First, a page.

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The IoT doesn't have to be difficult-simple solutions are here
By Toby McClean, Director of IoT Technology and Innovation, ADLINK Technology
The factory CEO is demanding: “You better have a digital experiment underway next year or you’re out of here.” The CIO is saying: “I just want a big red button to make this work.” The GM on the factory floor is asking: “How do I pull data off a machine that was never meant to share it and without voiding any warranties?
It can appear a challenging endeavor. But the IoT doesn’t have to be difficult, and edge computing and data connectivity play major roles in any successful IoT architecture.
A problem is industrial players don’t have anything in place for the edge. Many may say they have an edge solution, but they don’t a majority of the time, because it’s a new concept.
The challenge is the IT personnel are accustomed to big servers, the cloud and data centers. The OT team is used to working with closed systems and keeping the manufacturing process humming. Both have viewed edge computing – pushing processing closer to the device creating the data – from vastly different perspectives.
Another obstacle in the IT space is the tendency to pick a single vendor and hope it provides IoT solutions as the technology evolves.
But, when you walk onto a factory floor, there could be assets from 15 different vendors in one production line.
how does the IoT become simple? Three steps: connect, stream and control
When you’re collecting data from them and trying to analyze it all, the problem is very different than IT is accustomed to. You have an integration issue that IT folks have never dealt with before.
IT-designed edge solutions often fail because of this. They are not designed for success at the edge. So, manufacturers are turning to OEMs or software vendors to solve edge connectivity.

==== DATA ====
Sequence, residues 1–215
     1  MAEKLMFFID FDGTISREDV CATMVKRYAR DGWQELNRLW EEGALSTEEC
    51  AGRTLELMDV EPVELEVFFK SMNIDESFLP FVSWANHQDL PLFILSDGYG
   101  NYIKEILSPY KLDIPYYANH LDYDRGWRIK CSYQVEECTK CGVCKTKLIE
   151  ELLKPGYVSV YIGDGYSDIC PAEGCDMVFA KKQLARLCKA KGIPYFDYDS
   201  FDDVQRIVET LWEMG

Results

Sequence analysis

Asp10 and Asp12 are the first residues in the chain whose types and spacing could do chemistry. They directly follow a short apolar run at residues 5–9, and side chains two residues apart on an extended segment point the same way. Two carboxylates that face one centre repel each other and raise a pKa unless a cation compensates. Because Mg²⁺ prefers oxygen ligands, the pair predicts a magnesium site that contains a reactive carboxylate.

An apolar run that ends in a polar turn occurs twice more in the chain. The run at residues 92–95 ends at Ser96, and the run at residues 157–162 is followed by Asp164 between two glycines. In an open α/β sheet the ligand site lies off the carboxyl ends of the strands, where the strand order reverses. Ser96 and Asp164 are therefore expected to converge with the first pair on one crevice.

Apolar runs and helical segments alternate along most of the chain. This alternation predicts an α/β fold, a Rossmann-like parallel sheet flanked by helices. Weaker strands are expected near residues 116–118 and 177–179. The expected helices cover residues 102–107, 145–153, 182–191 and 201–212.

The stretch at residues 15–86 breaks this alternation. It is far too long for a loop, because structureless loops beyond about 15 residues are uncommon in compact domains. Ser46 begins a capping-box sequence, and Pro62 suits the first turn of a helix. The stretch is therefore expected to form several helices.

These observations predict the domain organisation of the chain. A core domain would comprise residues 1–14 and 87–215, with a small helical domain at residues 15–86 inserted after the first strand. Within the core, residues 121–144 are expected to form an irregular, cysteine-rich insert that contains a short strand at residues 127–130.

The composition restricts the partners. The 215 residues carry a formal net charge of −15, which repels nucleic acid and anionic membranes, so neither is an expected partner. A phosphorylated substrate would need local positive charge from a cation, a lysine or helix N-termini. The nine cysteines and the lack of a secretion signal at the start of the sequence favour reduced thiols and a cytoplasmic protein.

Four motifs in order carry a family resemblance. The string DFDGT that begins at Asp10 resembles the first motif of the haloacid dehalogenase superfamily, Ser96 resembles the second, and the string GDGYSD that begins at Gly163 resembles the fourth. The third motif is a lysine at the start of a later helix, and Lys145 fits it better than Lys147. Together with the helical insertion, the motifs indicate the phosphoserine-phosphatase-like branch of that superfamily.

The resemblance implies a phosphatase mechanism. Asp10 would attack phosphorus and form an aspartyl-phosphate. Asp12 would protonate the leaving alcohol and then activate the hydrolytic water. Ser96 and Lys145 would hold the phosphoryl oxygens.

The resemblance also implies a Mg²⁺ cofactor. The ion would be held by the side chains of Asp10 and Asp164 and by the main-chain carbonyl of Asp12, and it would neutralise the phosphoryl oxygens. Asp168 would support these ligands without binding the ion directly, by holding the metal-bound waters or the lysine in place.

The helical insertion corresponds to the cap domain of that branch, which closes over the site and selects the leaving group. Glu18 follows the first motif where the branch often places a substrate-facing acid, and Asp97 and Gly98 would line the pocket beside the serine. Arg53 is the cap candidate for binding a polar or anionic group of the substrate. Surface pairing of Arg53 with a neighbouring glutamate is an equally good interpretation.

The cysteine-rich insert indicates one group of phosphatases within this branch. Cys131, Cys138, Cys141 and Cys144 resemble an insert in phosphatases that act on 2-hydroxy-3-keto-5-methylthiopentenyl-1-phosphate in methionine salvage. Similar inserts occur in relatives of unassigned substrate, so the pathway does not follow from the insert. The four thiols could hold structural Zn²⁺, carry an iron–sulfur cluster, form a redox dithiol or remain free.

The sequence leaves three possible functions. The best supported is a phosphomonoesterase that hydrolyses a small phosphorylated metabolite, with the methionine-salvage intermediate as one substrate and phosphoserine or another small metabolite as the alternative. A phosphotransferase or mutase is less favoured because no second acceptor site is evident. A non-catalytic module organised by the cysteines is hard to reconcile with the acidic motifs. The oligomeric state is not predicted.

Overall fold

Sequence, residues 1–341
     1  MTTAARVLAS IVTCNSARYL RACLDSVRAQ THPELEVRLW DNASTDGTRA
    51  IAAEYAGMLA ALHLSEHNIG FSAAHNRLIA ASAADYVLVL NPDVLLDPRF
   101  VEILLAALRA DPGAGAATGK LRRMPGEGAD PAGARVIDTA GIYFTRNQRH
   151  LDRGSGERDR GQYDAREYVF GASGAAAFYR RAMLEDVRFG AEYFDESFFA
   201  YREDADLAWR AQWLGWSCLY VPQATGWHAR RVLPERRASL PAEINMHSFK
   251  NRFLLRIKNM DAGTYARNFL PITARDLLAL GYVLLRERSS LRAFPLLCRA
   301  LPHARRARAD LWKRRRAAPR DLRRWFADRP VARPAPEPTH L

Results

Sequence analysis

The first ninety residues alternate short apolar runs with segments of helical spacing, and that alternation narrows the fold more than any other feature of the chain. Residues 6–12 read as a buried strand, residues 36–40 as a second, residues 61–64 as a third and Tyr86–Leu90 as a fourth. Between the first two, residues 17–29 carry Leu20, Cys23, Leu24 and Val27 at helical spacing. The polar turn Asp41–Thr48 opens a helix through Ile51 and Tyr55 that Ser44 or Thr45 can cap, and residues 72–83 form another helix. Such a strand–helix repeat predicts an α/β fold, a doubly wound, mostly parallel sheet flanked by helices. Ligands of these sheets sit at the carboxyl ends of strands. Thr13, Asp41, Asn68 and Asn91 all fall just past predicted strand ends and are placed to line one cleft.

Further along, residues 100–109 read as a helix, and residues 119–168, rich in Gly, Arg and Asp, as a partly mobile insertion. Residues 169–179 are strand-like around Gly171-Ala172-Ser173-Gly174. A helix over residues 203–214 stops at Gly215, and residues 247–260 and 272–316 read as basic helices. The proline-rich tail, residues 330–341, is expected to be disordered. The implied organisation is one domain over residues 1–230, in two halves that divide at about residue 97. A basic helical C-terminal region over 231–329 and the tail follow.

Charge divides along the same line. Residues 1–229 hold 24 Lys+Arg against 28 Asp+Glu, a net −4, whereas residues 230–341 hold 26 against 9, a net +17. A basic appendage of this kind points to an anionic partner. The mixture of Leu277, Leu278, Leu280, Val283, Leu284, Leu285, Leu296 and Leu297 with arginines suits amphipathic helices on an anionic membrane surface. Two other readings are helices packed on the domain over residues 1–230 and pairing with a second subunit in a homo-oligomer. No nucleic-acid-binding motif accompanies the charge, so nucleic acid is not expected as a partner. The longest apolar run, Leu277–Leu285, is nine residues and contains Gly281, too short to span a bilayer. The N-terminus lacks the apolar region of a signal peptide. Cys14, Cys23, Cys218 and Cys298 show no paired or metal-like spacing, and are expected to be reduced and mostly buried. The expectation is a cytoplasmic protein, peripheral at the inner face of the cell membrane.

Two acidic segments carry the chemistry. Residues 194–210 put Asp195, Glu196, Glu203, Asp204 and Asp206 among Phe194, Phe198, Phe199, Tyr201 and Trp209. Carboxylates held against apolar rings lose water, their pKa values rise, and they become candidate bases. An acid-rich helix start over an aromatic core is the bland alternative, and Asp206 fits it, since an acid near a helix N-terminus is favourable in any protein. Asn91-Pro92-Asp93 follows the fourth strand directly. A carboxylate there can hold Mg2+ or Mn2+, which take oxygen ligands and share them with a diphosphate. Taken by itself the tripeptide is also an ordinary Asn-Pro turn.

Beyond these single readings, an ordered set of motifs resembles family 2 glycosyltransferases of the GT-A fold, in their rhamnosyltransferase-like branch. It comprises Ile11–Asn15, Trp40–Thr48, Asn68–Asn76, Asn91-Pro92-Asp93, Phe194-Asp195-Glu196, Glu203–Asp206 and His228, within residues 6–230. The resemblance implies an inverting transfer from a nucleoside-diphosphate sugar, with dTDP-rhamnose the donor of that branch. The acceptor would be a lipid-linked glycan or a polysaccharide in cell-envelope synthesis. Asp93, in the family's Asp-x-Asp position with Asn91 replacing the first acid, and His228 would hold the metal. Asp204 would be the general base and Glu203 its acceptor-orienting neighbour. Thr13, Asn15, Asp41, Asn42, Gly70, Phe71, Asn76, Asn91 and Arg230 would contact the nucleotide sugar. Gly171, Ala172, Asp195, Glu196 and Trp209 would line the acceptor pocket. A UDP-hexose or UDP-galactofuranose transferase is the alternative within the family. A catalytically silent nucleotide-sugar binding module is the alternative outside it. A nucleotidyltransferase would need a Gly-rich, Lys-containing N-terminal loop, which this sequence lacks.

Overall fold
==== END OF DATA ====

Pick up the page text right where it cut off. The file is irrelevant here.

So, how does the IoT become simple? Three steps: connect, stream and control.
Connecting assets doesn’t require adding hardware to your machine, if it has a human-machine interface. That interface can be turned into a stream of data using data extraction that can be analyzed. And we don’t even have to touch the asset. We can take the existing data flowing into the database, capture it and turn it into a data stream like it was coming directly off the asset.The data moves where it needs to (control), and the client is not locked into one vendor.This allows the client to run a digital experiment to determine added value without a large investment.
It also addresses the IT or OT divide with a secure approach to bridging data from the OT network to the IT network on up to the cloud, allowing the different managers to control what data flows in whatdirection. Because there is so much data available from so many sources, we can show an easy way to uncover what data is available to them and turn that into information that can be acted upon through analytics. The amount of data and how to use it are major pain points for manufacturers.
Also, consider that the IoT is a fast-moving space, with startups coming and going, and industrial players failing. How do you know who’s going to win at the end? Is it worth locking yourself in with a potential failure?
If you have a video cable, we can turn that into IoT solution. You don’t have to invest in sensors. We can scrap data that appears to have come off the assets directly. How you approach this at the edge is you don’t have to lock into it today. That reduces your risk of making the wrong choice, which is extremely important to decision makers.
We recently worked with a large food processing company and connected one of its production lines in its factory and streamed the data to a cloud. The company went from zero instrumentation to real-timedata about its machines in fewer than 14 days. The company could evaluate that data, whether it be predictive analytics or whatever, to see if there is value because it can now collect it in the cloud or data center. It allows companies to focus on value-added activities with the data.
It’s just that simple when dealing with the IoT.